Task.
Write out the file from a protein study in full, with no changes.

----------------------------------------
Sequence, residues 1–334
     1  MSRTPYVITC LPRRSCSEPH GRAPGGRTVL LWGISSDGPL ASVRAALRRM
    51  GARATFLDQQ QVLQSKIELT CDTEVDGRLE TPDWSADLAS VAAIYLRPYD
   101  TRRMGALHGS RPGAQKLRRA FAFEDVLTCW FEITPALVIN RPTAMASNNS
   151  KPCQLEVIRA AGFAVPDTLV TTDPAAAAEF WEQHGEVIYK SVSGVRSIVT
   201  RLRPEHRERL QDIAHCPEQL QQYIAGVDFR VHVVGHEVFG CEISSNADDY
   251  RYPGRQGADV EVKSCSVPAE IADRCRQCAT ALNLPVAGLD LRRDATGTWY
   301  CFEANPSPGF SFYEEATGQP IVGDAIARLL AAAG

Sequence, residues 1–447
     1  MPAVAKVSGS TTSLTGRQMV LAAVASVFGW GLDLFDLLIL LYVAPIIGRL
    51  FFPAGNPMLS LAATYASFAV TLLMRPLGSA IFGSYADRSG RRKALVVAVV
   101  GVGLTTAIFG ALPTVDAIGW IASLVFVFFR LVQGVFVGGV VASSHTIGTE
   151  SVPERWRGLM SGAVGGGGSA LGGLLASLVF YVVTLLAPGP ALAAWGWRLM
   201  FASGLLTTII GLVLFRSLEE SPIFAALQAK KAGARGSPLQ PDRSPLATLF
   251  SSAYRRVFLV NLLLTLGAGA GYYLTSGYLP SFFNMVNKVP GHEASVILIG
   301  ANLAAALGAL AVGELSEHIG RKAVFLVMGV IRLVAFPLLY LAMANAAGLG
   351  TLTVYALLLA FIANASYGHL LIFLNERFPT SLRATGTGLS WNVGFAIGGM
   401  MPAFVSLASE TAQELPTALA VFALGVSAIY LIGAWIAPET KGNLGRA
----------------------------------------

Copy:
Sequence, residues 1–334
     1  MSRTPYVITC LPRRSCSEPH GRAPGGRTVL LWGISSDGPL ASVRAALRRM
    51  GARATFLDQQ QVLQSKIELT CDTEVDGRLE TPDWSADLAS VAAIYLRPYD
   101  TRRMGALHGS RPGAQKLRRA FAFEDVLTCW FEITPALVIN RPTAMASNNS
   151  KPCQLEVIRA AGFAVPDTLV TTDPAAAAEF WEQHGEVIYK SVSGVRSIVT
   201  RLRPEHRERL QDIAHCPEQL QQYIAGVDFR VHVVGHEVFG CEISSNADDY
   251  RYPGRQGADV EVKSCSVPAE IADRCRQCAT ALNLPVAGLD LRRDATGTWY
   301  CFEANPSPGF SFYEEATGQP IVGDAIARLL AAAG

Sequence, residues 1–447
     1  MPAVAKVSGS TTSLTGRQMV LAAVASVFGW GLDLFDLLIL LYVAPIIGRL
    51  FFPAGNPMLS LAATYASFAV TLLMRPLGSA IFGSYADRSG RRKALVVAVV
   101  GVGLTTAIFG ALPTVDAIGW IASLVFVFFR LVQGVFVGGV VASSHTIGTE
   151  SVPERWRGLM SGAVGGGGSA LGGLLASLVF YVVTLLAPGP ALAAWGWRLM
   201  FASGLLTTII GLVLFRSLEE SPIFAALQAK KAGARGSPLQ PDRSPLATLF
   251  SSAYRRVFLV NLLLTLGAGA GYYLTSGYLP SFFNMVNKVP GHEASVILIG
   301  ANLAAALGAL AVGELSEHIG RKAVFLVMGV IRLVAFPLLY LAMANAAGLG
   351  TLTVYALLLA FIANASYGHL LIFLNERFPT SLRATGTGLS WNVGFAIGGM
   401  MPAFVSLASE TAQELPTALA VFALGVSAIY LIGAWIAPET KGNLGRA